Simi Hamilton claims historic victory
January 7, 2014
It seems like every time a journalist writes about the U.S. Cross Country Ski Team it’s about personal bests and new U.S. records. It’s left American Nordic aficionados scrambling in the middle of the night to find a TV signal on the web and scanning Twitter for the latest insights. But last week’s freestyle sprint stage World Cup win by Aspen’s Simi Hamilton was truly one for the ages.
Simi grew up in the alpine resort town of Aspen to parents who were passionate about cross country skiing mother Ruth had him on a ski leash before he was two. A mainstay in USSA races growing up in the Aspen Valley Ski and Snowboard Club, and later at Middlebury College, Simi grabbed a spot on the 2010 Olympic Team and has been a mainstay on the World Cup since then.
But little could prepare him for what happened in the tiny village of Lenzerheide, Switzerland, a week ago. Stage three of the seven-stop Tour de Ski came to the picturesque Swiss village for the first time. It was a place that just felt right.
"It was a very cool day to say the least maybe the coolest one I’ve ever had," he laughed. "I had a really good feeling about everything throughout the entire day. I just decided to go for it every time I stepped up to the start line."
Athletes tend to develop that innate sense a "will to win." Simi Hamilton had it that day through hard, aggressive skiing as well as a refined, tactical approach in the final heats. He qualified first, just ahead of teammate Andy Newell in second. He advanced easily to the semi-finals but had to survive a photo finish and move on to the championship round as a "lucky loser." In the final round, he changed his tactic to conserve energy, looking for a safe spot to pass coming into the finish where he beat friend and rival Alex Harvey of Canada by .32 seconds.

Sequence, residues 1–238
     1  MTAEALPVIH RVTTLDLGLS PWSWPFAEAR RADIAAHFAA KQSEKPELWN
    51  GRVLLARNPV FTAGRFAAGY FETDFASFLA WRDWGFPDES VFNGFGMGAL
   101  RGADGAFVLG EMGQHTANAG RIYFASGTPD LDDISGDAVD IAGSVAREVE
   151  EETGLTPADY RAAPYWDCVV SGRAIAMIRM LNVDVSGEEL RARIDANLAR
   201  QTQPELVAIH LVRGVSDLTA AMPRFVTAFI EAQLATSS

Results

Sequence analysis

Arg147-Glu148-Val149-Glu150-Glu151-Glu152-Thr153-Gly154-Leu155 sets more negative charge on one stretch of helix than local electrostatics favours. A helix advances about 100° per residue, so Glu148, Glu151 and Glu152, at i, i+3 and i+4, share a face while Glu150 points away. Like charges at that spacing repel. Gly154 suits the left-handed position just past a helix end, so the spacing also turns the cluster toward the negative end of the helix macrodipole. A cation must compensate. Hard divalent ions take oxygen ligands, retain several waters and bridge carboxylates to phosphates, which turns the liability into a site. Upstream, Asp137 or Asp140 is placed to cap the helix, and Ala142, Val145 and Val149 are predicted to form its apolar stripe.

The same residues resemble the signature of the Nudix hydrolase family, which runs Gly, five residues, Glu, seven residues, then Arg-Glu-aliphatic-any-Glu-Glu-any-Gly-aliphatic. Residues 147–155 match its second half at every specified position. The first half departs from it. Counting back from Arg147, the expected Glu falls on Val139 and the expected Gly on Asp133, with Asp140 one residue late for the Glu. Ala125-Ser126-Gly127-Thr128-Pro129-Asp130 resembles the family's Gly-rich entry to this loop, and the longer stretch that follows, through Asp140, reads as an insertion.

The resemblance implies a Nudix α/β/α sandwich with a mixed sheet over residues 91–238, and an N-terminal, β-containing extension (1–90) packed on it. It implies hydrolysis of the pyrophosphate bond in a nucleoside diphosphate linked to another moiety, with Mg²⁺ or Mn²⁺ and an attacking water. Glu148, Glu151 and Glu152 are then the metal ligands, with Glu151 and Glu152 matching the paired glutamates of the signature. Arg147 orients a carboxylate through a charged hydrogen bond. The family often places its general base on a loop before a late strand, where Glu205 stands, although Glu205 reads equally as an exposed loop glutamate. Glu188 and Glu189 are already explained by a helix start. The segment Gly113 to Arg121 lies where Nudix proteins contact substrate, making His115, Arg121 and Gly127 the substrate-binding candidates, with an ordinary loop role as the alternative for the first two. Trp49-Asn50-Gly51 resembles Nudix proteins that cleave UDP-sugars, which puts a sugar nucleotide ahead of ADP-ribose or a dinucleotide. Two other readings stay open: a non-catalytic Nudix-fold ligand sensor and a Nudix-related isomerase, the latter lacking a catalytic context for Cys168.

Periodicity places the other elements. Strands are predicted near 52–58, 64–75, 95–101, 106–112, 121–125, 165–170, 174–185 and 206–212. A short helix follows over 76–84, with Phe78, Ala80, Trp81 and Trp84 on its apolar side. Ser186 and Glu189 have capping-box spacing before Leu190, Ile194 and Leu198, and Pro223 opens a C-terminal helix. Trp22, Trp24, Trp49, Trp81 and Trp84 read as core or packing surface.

In the hub bub of the holiday week, some may have missed Simi’s achievement. But as word floated around the globe, texts and emails came pouring through to Switzerland. Not only was it the first U.S. men’s win on the eight-year-old Tour de Ski. It was the first time an American had won at that level since Bill Koch’s final victory in the pre-Olympic 30k in Sarajevo in 1983 over 30 years ago!
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Still a hero to cross country skiers across America, the 1976 Olympic silver medalist in the 30k is the sport’s icon. While Simi hadn’t even been born at the time of Koch’s last win, he knew well the company that he was now in.
It was a poignant scene in the Swiss Village after the race as Harvey and Hamilton grabbed their respective national flags and paraded through the finish. Canada and the USA one-two in a Tour de Ski stage: now that was something special.
One of the most experienced communications professionals in skiing, Tom Kelly is a veteran of eight Olympics and serves as vice president, Communications, for the Park City-based U.S. Ski and Snowboard Association. A Wisconsin native, he and his wife Carole Duh have lived in Park City since 1988 when he’s not traveling the world with the team.
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